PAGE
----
To meet President Bush's mandate for more effective management of federal agencies, OMB is spearheading efforts to translate some agency duties to the Internet, providing greater and more efficient access to citizens, businesses, and state and local governments.

The key to e-government rests on the ability for agencies "to get rid of redundant copies of the data" so that citizens can go to a one-stop shop to accomplish a range of tasks, said Mark Forman, the associate director of information technology and e-government for the White House Office. "But that streamlined vision of agency access to data requires principles to ensure that personal information is not compromised and that businesses and individuals can trust the system," he added.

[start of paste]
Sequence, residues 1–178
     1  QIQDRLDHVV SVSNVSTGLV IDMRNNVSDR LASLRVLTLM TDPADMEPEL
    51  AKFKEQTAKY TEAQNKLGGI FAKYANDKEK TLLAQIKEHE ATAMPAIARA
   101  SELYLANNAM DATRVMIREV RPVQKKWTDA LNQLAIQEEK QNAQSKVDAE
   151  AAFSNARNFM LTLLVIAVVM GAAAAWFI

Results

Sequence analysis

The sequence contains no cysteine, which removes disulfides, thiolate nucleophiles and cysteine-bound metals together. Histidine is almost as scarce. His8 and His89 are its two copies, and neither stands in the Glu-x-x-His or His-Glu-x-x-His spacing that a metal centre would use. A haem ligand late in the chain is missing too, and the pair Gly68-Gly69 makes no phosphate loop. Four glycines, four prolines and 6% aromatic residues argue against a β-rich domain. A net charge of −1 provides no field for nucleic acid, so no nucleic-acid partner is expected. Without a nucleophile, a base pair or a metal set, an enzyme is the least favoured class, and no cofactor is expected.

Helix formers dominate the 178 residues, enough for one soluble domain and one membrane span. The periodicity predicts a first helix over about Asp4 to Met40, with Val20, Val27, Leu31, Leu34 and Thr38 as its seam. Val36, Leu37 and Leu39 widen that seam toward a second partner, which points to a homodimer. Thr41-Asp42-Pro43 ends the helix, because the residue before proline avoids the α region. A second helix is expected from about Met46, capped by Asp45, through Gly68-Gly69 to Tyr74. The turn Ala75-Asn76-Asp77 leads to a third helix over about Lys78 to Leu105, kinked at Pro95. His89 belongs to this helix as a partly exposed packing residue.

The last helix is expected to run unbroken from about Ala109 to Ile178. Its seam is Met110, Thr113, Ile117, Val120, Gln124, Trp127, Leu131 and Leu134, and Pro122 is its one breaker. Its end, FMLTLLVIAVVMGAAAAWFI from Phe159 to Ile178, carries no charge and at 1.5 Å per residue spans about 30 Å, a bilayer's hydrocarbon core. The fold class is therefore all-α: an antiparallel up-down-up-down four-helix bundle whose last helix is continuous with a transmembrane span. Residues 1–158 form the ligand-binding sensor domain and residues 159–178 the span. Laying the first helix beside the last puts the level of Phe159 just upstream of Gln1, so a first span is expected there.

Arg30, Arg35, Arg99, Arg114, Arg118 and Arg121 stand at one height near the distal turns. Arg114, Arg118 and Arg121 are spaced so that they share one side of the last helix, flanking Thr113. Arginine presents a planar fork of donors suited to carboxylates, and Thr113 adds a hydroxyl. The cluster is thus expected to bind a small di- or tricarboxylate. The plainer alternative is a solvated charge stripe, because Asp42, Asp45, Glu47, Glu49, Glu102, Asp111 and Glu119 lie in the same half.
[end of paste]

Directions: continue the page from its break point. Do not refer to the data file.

To meet those goals, OMB will continue issuing privacy management guidelines, including the requirement that all agencies submit privacy assessments of the technologies they propose to acquire. OMB also will continue to prohibit tracking technologies and will require agencies to post viable privacy policies to the Web and to appoint senior privacy officials.

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